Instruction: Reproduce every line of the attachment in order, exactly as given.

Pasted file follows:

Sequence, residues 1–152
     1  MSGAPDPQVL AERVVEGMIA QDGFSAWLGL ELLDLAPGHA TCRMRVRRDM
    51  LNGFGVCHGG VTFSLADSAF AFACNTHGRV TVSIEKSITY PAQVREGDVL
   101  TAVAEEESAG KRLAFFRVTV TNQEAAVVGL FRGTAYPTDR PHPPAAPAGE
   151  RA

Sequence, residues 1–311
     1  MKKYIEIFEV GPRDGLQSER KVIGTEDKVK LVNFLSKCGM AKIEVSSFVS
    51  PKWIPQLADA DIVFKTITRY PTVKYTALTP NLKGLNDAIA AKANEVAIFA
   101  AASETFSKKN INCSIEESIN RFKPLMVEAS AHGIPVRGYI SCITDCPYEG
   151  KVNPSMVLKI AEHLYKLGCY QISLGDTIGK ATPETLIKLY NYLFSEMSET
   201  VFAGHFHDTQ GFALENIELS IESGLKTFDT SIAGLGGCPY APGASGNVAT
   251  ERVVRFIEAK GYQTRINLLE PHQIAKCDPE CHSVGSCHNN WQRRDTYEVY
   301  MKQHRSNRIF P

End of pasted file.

Sequence, residues 1–152
     1  MSGAPDPQVL AERVVEGMIA QDGFSAWLGL ELLDLAPGHA TCRMRVRRDM
    51  LNGFGVCHGG VTFSLADSAF AFACNTHGRV TVSIEKSITY PAQVREGDVL
   101  TAVAEEESAG KRLAFFRVTV TNQEAAVVGL FRGTAYPTDR PHPPAAPAGE
   151  RA

Sequence, residues 1–311
     1  MKKYIEIFEV GPRDGLQSER KVIGTEDKVK LVNFLSKCGM AKIEVSSFVS
    51  PKWIPQLADA DIVFKTITRY PTVKYTALTP NLKGLNDAIA AKANEVAIFA
   101  AASETFSKKN INCSIEESIN RFKPLMVEAS AHGIPVRGYI SCITDCPYEG
   151  KVNPSMVLKI AEHLYKLGCY QISLGDTIGK ATPETLIKLY NYLFSEMSET
   201  VFAGHFHDTQ GFALENIELS IESGLKTFDT SIAGLGGCPY APGASGNVAT
   251  ERVVRFIEAK GYQTRINLLE PHQIAKCDPE CHSVGSCHNN WQRRDTYEVY
   301  MKQHRSNRIF P